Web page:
Mr. Williamson, king’s messenger for Scotland, traced the Deacon from point to point till he reached Dover, where after an eighteen days’ pursuit he disappeared; but by a sort of fatuity, often evinced by persons similarly situated, he gave clues to his own discovery. He remained in London till the 23rd of March [1787.] He took his passage on board the Leith smack Endeavour for that port, disguised as an old man in bad health, and under the name of John Dixon; but on getting out of the Thames, according to some previous arrangement, he was landed at Flushing, and from thence reached Ostend. On board the smack he was rash enough to give in charge of a Mr. Geddes letters addressed to three persons in Edinburgh, one of whom was his favourite mistress in Cant’s Close. Geddes, full of suspicion, on reaching Leith gave the documents to the authorities. Mr. Williamson was once more on his track, and discovered him in Amsterdam, through the treachery of an Irishman named Daly, when he was on the eve of his departure for America;..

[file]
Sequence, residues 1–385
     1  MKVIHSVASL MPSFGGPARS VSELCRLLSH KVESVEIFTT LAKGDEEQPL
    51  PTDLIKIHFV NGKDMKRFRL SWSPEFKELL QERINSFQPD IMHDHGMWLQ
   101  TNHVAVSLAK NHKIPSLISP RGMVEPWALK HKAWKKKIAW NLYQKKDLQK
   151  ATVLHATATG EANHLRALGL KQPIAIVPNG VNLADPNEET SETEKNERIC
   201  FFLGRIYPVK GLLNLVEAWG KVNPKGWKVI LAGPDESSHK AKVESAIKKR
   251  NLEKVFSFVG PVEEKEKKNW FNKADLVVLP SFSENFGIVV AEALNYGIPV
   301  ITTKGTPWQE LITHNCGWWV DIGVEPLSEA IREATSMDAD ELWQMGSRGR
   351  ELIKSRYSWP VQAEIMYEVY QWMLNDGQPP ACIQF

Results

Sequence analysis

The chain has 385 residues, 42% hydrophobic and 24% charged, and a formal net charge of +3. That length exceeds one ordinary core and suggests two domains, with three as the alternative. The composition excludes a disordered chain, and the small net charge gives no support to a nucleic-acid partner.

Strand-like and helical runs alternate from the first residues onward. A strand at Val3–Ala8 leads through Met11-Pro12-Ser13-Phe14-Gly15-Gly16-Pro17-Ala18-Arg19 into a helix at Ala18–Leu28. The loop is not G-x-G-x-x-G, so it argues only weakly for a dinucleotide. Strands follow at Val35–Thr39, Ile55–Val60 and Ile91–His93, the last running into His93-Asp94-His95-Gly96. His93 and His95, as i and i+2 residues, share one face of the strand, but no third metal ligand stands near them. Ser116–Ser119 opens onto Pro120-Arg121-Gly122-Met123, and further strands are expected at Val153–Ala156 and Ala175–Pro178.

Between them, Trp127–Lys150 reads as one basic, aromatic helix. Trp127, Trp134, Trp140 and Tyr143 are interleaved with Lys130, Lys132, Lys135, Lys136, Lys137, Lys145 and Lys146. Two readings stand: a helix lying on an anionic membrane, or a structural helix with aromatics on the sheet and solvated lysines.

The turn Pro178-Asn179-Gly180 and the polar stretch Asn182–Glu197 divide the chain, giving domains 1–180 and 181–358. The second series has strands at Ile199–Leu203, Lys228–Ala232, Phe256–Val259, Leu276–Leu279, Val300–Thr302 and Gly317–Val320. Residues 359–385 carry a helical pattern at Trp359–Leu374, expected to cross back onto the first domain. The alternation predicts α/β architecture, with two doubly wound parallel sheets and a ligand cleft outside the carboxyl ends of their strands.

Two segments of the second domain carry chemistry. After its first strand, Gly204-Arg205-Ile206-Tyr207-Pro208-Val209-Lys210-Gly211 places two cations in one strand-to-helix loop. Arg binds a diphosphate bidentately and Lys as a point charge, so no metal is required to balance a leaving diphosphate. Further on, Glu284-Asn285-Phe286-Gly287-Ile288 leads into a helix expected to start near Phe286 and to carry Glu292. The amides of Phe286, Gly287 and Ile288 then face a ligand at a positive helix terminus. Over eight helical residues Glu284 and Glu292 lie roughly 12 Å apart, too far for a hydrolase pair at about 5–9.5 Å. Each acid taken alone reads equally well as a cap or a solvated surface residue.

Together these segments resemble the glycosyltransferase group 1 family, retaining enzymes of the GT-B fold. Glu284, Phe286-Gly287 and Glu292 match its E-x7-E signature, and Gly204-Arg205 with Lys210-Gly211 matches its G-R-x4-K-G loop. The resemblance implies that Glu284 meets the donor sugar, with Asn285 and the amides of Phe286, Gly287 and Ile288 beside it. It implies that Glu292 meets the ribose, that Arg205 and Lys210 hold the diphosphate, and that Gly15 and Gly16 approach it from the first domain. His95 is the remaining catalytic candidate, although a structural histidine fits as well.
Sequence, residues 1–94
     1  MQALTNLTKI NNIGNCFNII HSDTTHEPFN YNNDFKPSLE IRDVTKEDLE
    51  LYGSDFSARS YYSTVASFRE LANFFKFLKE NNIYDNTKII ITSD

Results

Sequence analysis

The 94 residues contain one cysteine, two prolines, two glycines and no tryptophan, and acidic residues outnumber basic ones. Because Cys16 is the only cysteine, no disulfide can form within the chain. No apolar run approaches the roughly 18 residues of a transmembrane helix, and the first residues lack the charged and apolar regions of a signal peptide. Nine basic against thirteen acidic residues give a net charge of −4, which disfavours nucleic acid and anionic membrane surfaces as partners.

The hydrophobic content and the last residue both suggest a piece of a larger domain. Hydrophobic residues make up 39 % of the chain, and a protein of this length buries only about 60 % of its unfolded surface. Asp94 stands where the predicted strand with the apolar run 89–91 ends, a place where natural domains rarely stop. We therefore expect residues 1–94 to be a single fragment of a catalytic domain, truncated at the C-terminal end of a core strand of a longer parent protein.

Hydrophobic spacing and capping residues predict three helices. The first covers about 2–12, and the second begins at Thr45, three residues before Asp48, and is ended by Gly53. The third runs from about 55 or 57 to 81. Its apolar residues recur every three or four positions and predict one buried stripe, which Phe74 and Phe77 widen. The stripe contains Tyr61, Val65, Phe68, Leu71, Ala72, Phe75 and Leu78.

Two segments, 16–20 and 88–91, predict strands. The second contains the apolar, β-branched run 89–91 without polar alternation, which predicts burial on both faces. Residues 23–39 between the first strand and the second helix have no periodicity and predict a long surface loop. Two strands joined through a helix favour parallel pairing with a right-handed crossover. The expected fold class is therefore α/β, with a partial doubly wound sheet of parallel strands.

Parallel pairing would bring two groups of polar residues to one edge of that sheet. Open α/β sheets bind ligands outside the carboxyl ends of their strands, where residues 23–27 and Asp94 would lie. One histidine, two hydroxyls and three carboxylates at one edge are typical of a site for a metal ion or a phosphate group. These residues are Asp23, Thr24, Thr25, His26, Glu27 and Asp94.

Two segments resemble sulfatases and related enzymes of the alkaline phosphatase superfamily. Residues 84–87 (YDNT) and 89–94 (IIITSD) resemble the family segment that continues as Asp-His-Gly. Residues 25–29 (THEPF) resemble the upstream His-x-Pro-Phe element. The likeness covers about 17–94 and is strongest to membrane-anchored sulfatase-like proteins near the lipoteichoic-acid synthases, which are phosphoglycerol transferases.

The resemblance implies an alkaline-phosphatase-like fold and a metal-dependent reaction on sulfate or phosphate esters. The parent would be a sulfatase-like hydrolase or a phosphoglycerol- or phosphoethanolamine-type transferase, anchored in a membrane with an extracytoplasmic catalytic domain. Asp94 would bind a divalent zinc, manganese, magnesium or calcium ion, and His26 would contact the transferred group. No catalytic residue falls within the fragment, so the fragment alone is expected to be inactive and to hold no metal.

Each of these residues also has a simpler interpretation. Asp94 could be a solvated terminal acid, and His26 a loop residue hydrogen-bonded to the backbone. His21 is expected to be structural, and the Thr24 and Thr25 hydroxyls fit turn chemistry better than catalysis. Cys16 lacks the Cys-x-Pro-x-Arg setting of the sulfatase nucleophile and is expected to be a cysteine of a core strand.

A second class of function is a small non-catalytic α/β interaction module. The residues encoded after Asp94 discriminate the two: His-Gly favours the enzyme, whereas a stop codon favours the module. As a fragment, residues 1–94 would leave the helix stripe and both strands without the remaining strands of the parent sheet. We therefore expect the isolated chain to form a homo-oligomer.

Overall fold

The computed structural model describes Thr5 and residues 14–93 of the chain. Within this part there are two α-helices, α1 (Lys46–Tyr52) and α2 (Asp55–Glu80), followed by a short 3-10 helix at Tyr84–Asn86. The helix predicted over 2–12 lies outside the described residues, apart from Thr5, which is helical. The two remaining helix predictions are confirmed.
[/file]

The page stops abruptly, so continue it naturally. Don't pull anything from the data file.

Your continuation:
– Old and New Edinburgh, pp.112-118.